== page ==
ISLAND #2: ANNIKA PETTERSSON
Annika Pettersson’s work lays between the parallel languages of jewelry and sculpture.
In her hands an object of the world is transformed in something twofold: first we recognize a familiar structure, second, wonder bends toward us and we let go of our need to know. The action of deconstruction in her practice works as a displacement producing a gap, a semantic mayhem.
ISLAND 2 presents pieces from three different series: Enchantmen, The Cutting Edge and Glitch In The Copy.
In the first one (Enchantmen) she chose to work with a baroque ornamented wood chair from the 1910. To make sense of this object she started cutting it with a Japanese hand saw and then rebuilt it in form of jewelry pieces, adding pyramid shaped obsidian stones. In her work we see how contemporary jewelry serves as a means to explore cultural themes expressed through everyday objects. All her pieces are not just objet trouvé, we see the process, the movement, the action they engaged with.
The second series (The Cutting Edge) was born from the bigger project “The Jewelry Dinner” (www.jewelrydinner.com), a platform for contemporary jewelry first initiated by Pettersson and jeweler Mia Maljojoki in 2016.
The project is characterized by many aspects and exists as a performance that consists in having a group of people invited to have dinner together while wearing a piece of contemporary jewelry and discussing about a specific topic starting from the connection between two thematics: food and jewelry. Our memory goes back to Judy Chicago and her cult installation “The Dinner Party” where the artist crafted elaborate place settings for 39 female figures from the history of western civilization using ceramics, needlework, drawing, painting and sculpture.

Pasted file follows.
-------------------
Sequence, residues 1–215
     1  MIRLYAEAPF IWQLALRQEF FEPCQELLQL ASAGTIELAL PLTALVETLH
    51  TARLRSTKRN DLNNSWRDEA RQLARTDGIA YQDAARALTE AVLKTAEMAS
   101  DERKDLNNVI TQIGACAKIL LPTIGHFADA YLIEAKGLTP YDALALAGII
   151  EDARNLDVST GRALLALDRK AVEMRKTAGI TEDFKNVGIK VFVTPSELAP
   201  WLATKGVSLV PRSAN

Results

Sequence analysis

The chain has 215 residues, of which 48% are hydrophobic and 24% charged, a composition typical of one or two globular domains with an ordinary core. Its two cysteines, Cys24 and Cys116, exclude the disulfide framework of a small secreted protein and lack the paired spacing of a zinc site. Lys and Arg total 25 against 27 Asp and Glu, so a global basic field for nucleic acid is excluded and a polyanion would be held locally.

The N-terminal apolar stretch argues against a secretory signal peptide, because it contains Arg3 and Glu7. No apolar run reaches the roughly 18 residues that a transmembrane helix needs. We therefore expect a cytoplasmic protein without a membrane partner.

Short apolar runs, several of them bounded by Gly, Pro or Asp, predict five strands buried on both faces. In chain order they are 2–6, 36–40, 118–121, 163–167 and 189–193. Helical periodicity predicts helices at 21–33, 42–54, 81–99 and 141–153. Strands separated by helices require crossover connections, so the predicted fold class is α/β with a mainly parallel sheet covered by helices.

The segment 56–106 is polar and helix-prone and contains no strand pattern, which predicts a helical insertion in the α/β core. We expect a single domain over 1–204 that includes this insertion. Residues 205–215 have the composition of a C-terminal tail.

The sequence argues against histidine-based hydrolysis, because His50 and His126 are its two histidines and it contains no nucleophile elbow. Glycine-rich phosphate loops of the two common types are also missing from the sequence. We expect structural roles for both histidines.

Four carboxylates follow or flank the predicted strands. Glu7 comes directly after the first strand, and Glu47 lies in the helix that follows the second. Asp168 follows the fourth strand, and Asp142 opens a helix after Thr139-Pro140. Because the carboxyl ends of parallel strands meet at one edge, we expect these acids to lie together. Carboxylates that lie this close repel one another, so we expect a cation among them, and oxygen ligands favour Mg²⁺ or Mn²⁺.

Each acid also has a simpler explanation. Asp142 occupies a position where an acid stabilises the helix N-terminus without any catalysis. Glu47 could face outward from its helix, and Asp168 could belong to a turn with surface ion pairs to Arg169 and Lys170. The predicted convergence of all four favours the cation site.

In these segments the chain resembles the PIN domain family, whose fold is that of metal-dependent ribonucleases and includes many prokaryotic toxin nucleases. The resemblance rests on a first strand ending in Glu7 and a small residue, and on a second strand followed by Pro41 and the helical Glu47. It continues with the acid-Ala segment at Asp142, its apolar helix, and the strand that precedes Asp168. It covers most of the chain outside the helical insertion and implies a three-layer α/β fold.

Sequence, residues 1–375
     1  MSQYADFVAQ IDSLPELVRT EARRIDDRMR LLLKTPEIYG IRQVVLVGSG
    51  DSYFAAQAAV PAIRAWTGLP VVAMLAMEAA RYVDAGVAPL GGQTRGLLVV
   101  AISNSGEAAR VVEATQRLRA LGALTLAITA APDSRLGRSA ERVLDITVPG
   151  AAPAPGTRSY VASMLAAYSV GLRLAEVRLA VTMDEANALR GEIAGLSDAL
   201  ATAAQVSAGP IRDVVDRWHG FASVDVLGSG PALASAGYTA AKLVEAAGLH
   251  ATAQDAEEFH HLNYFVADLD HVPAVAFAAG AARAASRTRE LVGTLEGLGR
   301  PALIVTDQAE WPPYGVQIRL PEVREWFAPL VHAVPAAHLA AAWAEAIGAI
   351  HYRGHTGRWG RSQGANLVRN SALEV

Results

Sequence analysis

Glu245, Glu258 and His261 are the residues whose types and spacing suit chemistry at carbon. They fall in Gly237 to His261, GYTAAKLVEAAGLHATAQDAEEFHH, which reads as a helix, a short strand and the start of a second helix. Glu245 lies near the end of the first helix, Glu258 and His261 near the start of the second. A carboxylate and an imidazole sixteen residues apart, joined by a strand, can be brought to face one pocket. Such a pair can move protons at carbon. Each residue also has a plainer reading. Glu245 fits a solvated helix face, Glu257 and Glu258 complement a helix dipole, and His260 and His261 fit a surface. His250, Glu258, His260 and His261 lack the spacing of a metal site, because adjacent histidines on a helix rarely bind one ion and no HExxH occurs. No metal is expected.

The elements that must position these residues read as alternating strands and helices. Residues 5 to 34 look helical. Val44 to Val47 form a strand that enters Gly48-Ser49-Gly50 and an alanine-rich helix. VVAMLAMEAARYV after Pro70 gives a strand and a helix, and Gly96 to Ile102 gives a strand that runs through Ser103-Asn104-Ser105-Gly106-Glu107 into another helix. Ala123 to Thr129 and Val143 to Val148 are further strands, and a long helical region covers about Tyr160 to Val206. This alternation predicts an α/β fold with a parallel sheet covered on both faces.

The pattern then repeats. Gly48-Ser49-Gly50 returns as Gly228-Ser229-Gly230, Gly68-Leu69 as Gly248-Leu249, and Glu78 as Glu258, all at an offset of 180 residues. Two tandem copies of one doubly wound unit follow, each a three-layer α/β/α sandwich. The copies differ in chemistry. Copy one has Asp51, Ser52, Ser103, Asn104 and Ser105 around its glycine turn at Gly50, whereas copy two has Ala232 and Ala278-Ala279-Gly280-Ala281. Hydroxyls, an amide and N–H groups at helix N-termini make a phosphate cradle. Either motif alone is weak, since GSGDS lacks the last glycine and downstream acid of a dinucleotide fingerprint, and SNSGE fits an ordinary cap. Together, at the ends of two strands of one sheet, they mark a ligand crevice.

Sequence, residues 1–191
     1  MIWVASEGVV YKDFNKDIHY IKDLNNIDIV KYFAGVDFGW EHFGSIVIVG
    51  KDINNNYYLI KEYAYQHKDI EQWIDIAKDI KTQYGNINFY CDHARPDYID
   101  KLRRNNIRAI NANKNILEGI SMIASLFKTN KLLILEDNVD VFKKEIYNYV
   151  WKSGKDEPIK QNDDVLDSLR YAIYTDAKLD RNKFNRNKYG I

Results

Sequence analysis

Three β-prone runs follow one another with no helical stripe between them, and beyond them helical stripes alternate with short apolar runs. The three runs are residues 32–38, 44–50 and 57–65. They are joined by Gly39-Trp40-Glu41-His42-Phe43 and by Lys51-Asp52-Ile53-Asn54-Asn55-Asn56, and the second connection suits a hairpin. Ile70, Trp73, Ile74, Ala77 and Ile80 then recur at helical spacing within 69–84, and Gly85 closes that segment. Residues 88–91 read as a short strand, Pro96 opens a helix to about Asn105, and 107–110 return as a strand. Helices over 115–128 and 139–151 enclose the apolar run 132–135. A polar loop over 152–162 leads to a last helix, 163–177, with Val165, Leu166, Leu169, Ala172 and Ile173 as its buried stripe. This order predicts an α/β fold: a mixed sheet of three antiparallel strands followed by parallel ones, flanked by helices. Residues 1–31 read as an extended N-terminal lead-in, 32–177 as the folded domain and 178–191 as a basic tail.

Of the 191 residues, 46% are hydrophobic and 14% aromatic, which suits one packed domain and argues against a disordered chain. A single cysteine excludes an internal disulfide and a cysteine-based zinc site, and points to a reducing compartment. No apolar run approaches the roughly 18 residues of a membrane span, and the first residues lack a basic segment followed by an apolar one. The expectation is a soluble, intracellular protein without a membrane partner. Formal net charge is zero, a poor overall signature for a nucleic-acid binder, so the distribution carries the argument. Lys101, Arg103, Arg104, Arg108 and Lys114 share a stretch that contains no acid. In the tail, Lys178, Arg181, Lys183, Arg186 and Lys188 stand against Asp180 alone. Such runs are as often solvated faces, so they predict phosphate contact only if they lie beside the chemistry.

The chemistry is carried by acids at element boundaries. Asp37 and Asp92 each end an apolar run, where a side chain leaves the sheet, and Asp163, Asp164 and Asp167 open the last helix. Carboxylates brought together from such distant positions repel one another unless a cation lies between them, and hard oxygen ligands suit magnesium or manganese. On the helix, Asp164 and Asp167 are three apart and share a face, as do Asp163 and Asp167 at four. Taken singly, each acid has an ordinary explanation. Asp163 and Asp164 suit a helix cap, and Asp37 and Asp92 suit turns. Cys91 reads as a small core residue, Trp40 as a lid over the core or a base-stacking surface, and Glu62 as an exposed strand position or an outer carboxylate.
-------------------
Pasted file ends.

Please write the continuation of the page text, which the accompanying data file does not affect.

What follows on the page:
As mouth takes in food, what can our eyes devour?
At a formal level, The Cutting Edge is composed of a series of brooches and necklaces that refers to the tradition of cutlery jewelry, nodding to the amateurism of that phenomena. The cutleries Pettersson chose to work with are exclusively knives. The attention toward the materiality of silver objects is similar to Cornelia Parker’s in her piece “Thirty Pieces of Silver” where she transformed (through a violent action) familiar objects into mysterious (but beautiful) ones.
Once again, like with the chair in Enchantmen, in The Cutting Edge we still recognize the transformed silver artefacts even if its flatness is now bended and once again, embraces obsidian to give the jewellery a duality of materiality and to emphasize the jewelry quality in the pieces. The artist writes that “obsidian itself it has in the past been used as a cutting and piercing tool and it has even been used as a surgical scalpel blade” demonstrating how her formal conceptual approach adds intellectual power to the finished piece, making us enter into the story that the artist wants to tell. From the dining room to the living room to the whole house.
The third series is called Glitch In The Copy. The artist here uses the power of digital and the concept of copying as a creative gesture to reinterpret and transform a brooch into a sequence of brooches based on the erosion of the concept of uniqueness of the initial one. A known thing enters the realm of abstraction bringing into being seemingly identical copies of itself.
For this reason the sequence could be experienced cinematographically: as we proceed slowly, we notice that every piece has slight differences between one another. Each copy of the brooch differs as each has been “photocopied” individually, and we start to experience every brooch as an image: the erosion of uniqueness in fact refers back to the duplicative nature of photography.
Glitch In The Copy is composed by objects of beauty characterized by a rigor that invites us to wonder if the disruption in it will (hopefully) happen in our heads too.